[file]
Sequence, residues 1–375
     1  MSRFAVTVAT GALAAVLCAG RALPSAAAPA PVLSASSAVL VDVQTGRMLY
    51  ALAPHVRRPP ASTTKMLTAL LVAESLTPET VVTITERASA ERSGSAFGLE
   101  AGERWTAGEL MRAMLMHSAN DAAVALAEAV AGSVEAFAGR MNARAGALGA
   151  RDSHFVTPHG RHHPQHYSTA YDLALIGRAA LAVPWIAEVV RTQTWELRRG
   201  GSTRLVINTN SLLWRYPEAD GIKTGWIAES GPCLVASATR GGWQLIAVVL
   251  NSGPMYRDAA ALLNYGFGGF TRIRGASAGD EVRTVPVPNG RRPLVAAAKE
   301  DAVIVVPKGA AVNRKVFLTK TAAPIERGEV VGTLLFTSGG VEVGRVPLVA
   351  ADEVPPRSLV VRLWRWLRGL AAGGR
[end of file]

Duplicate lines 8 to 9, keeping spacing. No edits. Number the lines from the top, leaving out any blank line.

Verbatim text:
   301  DAVIVVPKGA AVNRKVFLTK TAAPIERGEV VGTLLFTSGG VEVGRVPLVA
   351  ADEVPPRSLV VRLWRWLRGL AAGGR